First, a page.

The United States is in a unique position. As of now, there are no statewide vaping bans.
Instead, vaping is prohibited only on school property, due to lack of FDA approval for e-cigarettes as cessation devices. All other indoor places, including bars and restaurants, are exempt from the state's regulations. Localities may regulate vaping more stringently than the state. That leaves us with a whole mess if you're a vaper that travels for work or pleasure.
Bad news for cigarettes, good news for vapers. The FDA has just announced a sweeping change in its policy regarding e-cigarettes and vaping products. ... The rules stated that any e-cigarette or vaping product released after Feb 15, 2007, would require the same expensive, lengthy FDA approval as regular smokes. This means that since 2007, you can be sure that no one is selling you snake oil. What does that mean? Read on!
“tobacco products” that are subject to FDA regulation include e-cigarettes, e-cigars, Vape pens, personal vaporizers, as well as components and parts including e-liquids, atomizers, batteries, flavors, etc. Thus, all these things will be researched and approved by the food and drug administration and that means a better product that is regulated.
Four dates to remember:
August 8, 2016: THis is when the concept of free “samples” was no longer allowed for smoking cessation devices, hookah, cigar, and other tobacco products. Additionally, no ENDS product, part or component not already on the market as of August 8, 2016, can be introduced to the market without appropriate FDA clearance or approval.
December 31, 2016: Vape shop manufacturers had to register their establishments and list their products on or before this date.
May 10, 2018: Product packaging and any advertisement for a smoking cessation device or tobacco product have to contain a warning that states that, "this product contains nicotine. Nicotine is an addictive chemical."
August 8, 2018: All ENDS products, parts or components must be in compliance with one of three FDA premarket pathways.
Updates to implement now:
As part of your rewards program, or any promotional program, DO NOT OFFER free rewards or samples. In particular, we suggest:
Avoid nominal pricing since it’s similar to a free sample for any promotions or rewards (i.e. one cent for a 10mL bottle or a free bowl of hookah). Instead, update any items you’re offering for free to 80% off or less.
When using dollar-off rewards, use a value cap to ensure pricing isn’t nominal or free (i.e. get $5 off of a purchase of $10 or more).
All customers under 27 years old need to be asked for ID in any ENDS, hookah, cigar or other tobacco vending location and no one under 18 can purchase any of these products (Some states may have a higher minimum age purchase requirement).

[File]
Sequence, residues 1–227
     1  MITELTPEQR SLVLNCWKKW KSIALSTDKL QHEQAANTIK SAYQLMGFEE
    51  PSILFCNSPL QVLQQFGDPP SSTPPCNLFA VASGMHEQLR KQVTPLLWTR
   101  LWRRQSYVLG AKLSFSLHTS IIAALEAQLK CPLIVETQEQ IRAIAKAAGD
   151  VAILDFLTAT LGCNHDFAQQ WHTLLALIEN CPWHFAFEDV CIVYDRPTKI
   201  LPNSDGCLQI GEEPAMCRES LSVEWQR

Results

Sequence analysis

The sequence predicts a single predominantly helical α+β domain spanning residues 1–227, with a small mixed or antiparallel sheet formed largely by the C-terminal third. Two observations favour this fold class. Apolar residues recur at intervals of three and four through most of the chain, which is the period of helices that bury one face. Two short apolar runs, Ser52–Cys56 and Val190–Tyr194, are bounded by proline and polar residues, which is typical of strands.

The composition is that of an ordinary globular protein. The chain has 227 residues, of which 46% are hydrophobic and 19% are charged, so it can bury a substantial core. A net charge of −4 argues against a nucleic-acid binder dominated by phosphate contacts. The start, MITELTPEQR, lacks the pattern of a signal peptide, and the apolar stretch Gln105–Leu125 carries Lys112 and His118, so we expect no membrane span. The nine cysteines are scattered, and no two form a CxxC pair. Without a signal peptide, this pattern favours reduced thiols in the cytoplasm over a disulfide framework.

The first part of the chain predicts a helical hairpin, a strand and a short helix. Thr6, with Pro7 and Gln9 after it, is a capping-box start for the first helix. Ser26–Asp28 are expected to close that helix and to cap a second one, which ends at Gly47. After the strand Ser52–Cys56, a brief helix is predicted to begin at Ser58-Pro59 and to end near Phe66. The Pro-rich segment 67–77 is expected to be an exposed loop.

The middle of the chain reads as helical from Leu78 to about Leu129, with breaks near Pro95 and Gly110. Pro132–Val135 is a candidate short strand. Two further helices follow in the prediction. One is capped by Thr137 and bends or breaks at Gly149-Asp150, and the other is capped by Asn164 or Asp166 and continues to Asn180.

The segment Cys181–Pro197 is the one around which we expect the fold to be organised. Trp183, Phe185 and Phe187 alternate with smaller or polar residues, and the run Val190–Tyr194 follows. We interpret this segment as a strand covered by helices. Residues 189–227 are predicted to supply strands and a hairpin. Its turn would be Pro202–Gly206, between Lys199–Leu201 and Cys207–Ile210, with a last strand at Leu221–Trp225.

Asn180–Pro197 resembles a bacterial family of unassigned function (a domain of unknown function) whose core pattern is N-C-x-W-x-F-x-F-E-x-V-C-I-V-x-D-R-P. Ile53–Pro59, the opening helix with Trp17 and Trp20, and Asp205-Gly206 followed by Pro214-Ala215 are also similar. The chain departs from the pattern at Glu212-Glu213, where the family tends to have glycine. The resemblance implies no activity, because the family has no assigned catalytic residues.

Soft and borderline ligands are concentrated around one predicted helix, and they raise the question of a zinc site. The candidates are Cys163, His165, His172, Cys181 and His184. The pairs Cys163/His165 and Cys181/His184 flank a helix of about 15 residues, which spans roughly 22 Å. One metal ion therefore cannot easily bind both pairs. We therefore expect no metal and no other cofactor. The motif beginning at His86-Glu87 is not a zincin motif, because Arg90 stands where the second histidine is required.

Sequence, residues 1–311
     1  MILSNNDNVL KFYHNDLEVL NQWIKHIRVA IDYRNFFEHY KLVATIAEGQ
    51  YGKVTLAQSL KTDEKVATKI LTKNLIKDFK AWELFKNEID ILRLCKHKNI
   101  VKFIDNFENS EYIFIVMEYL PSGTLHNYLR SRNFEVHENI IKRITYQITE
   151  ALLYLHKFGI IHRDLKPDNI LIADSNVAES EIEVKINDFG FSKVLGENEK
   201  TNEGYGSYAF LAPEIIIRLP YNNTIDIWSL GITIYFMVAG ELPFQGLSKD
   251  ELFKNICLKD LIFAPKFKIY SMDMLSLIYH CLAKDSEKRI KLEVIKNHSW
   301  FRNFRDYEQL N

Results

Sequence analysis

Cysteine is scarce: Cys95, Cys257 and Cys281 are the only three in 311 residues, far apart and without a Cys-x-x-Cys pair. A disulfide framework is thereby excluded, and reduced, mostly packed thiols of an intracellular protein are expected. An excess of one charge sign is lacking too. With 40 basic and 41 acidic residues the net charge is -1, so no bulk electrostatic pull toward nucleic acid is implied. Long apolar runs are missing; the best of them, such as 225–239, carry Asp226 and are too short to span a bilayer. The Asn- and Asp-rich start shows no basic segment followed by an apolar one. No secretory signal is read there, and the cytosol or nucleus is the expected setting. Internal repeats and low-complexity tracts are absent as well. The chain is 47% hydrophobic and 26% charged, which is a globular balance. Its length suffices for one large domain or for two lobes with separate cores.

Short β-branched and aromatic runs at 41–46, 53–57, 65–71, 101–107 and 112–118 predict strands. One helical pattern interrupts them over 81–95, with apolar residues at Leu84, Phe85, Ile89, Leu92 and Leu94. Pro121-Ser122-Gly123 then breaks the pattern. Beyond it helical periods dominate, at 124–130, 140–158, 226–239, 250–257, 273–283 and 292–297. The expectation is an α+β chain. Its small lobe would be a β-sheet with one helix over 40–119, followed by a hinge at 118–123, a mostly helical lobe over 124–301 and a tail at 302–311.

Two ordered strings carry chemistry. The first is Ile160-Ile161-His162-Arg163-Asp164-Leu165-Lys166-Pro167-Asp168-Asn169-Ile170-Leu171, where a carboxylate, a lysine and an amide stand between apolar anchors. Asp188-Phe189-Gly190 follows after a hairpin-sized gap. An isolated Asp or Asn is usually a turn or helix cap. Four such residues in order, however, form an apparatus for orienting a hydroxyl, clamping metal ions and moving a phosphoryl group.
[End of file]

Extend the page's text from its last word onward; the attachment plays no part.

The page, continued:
ID required warning signs must be posted in the store.
Don’t use vending machines to sell ENDS, hookah, or other tobacco products.
Things to change in 2018:
Product packaging and advertising related to ENDS products must contain the following: “WARNING: This product contains nicotine. Nicotine is an addictive chemical.”
All ENDS products must be in compliance with one of three FDA premarket pathways. Ensure that if you send an advertisement, you send it to customers who are legally old enough and able to purchase the products you’re advertising.
Circumstances may apply differently in your area, so be aware. Also note that e-cigarette laws by state vary, here are the states that you should know about in case you're traveling. Here's a list of the states to pay attention to. While many counties and cities are able to implement their own, these are the ones with the most gratuitous laws that can affect you.
Statewide vaping ban. Sales to minors also banned. Effective October 1, 2015, vaping is prohibited in all indoor places where smoking is prohibited, including bars and restaurants, as signed into law by Governor Dannel P. Malloy. Local government are forbidden from regulating vaping more stringently than the state.
Statewide vaping ban. Effective September 5, 2015, vaping is prohibited in all places that smoking is banned, which includes bars & restaurants, as signed into law by Governor Jack Markell. Localities may regulate vaping more stringently than the state.
No statewide vaping ban. Instead, vaping is prohibited only on all campuses of the University System of Georgia, with limited exceptions for educational purposes and research. Municipalities may regulate vaping more stringently than the state. Roswell bans vaping in all city parks.